Pre-Processing Directives in C
In this article, I am going to discuss the Pre-Processing Directives in C with Examples. Please read our previous article, where we discussed Functions in C. As part of this article, you will learn what is Pre-Processing in C, it’s type, and when and how to use Pre-Processing in C Program with examples.
What is pre-processor?
Pre-processing is a program that will be executed automatically before passing the source program to the compiler. Pre-processing is under the control of pre-processor directives. All preprocessor directives start with a pound (#) symbol & should be not ended with semicolon (;). When we are working with pre-processor directives, it can be placed anywhere within the program but recommended to place on top of the program before defining the first function.
How many types of pre-processor detectives are there in the c programming language?
In C programming language pre-processor directives are classifieds into 4 types such as
- Macro substitution directives. Example: #define
- File inclusion directives. Example: #include
- Conditional compilation directives. Example: #if, #else, #endif, #ifdef, #ifndef, #undef, etc
- Miscellaneous directives. Example: #pragma, #error, #line, etc
How the executable file created in C programming language?
When we are working with any kind of C application, we are required to perform 4 steps:
It is a process of constructing the source program and saving with .c extension. .c file contains the source code of the application i.e. user-readable format data. To perform the editing process, we required any kind of text editors like notepad, word pad, or any other C language-related IDE.
It is a process of converting high-level programming language code into the machine-readable data i.e. object code or compiled code. When the compilation process will complete then we will get .OBJ file. .OBJ file contains the compiled code. To compile any C-program we required C-programming language compiler like GCC, Turbo-C, etc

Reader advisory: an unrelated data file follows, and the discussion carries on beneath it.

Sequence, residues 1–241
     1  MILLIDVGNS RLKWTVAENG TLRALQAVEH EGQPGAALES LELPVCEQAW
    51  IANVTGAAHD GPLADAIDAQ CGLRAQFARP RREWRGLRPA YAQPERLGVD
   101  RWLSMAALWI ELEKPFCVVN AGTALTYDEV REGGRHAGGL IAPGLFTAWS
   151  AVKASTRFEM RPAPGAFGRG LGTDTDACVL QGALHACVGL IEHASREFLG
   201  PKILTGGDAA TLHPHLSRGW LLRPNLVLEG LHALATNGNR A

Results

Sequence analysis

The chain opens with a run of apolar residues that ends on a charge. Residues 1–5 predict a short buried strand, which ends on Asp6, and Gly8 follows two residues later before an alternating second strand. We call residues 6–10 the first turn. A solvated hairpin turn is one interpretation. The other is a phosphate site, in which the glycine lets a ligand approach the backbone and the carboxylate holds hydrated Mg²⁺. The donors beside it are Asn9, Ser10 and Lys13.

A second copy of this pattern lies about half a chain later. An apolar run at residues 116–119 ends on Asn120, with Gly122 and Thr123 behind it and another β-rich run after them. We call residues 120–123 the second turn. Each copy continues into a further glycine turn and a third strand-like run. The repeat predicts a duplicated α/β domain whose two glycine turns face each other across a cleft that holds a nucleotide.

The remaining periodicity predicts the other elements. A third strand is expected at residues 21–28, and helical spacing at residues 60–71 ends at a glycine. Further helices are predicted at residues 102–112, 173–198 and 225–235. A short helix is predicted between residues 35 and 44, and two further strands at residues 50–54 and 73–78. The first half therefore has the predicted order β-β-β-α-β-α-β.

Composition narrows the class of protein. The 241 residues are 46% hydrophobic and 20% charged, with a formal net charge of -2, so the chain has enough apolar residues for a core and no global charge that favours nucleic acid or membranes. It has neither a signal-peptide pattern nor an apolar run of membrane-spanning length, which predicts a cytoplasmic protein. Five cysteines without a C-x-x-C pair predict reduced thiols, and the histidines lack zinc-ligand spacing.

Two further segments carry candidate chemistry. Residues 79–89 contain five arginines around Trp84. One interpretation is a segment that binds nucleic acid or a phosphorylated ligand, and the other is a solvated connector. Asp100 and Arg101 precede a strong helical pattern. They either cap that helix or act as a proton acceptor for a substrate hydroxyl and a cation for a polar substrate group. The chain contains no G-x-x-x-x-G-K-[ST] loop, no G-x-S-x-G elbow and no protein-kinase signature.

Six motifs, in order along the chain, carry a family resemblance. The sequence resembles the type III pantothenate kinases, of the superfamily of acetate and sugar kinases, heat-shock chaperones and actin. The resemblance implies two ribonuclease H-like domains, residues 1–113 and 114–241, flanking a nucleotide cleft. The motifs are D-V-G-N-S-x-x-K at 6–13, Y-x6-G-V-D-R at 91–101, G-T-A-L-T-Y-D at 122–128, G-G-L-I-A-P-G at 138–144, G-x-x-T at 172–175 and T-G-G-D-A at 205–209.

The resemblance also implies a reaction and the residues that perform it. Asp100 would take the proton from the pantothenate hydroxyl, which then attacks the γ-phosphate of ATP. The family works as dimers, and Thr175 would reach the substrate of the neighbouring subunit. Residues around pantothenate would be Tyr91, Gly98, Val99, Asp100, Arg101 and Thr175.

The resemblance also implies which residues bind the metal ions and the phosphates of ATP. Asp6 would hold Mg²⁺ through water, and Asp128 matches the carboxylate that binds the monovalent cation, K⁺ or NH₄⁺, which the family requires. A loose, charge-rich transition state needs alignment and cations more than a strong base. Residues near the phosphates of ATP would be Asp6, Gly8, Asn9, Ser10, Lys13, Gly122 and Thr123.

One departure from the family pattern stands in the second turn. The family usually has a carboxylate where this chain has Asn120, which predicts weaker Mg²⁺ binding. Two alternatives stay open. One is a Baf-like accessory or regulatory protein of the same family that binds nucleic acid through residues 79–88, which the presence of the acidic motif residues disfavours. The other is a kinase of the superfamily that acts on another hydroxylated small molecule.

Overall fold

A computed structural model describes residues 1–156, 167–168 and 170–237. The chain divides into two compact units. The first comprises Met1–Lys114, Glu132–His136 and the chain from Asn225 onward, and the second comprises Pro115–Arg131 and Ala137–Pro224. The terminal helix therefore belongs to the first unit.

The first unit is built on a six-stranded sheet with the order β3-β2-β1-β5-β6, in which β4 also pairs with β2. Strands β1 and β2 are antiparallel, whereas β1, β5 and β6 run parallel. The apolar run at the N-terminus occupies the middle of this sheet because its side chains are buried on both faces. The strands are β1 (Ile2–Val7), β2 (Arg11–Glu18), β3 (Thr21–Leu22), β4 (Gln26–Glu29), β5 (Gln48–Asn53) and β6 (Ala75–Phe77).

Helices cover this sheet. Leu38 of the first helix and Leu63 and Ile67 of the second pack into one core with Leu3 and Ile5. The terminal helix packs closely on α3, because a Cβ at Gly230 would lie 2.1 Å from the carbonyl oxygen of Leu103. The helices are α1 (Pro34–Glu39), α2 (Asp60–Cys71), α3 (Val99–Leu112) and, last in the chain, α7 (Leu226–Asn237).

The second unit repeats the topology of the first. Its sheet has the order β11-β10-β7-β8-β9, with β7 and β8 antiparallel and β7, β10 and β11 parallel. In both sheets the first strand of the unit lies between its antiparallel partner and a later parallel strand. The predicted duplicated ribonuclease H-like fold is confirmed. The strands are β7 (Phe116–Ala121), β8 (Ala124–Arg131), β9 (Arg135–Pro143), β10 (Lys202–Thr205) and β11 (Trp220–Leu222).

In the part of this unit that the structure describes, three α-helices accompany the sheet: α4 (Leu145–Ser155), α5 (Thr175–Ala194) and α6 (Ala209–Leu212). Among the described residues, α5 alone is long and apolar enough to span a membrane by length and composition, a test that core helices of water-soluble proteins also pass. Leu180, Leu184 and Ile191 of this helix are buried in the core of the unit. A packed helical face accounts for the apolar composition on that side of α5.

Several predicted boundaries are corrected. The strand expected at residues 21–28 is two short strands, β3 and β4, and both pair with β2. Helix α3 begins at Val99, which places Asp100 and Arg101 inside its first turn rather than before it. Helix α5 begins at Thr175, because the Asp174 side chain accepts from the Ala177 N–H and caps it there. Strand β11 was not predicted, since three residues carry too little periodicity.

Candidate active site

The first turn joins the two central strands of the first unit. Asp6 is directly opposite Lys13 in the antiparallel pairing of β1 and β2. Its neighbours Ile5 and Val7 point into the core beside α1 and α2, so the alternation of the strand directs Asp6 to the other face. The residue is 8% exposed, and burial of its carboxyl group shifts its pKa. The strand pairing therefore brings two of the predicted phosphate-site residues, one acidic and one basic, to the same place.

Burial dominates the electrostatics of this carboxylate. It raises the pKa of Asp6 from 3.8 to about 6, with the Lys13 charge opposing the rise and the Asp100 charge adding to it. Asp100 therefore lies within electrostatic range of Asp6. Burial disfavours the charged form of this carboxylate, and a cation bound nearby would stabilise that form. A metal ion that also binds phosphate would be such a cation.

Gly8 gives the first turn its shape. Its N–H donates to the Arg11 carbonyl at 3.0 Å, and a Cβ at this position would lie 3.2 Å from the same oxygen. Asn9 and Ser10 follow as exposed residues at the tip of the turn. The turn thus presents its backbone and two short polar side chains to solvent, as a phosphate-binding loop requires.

It is a process of combining all obj files of the current project along with standard lib or obj files to construct an executable file. When the linking process is successful then the automatically executable file is generated with .exe extension. .exe file contains the native code of the operating system
It is a process of carrying the application file (.exe file) from secondary storage area to primary memory i.e. RAM. Editing, compiling, and linking is under control of IDE, and loading is under control of the Operating System. When we are working with any C application, it creates 5 types of files i.e. .c, .BaK, .exe, .I, .obj
- .c, .I, .Bak contains user-readable format data i.e. source format. Generally, .I file contains extended source code which is constructed after pre-processing.
- .obj file contains compiled code which can be understandable to the system only.
- .exe file contains the native code of OS.
For a better understanding of the above-discussed points, please have a look at the following diagram.
In the next article, I am going to discuss Macro Substitution Directives in C language. Here, in this article, I try to explain Pre-Processing Directives in C. I hope you enjoy this Pre-Processing directive in C article. I would like to have your feedback. Please post your feedback, question, or comments about this article.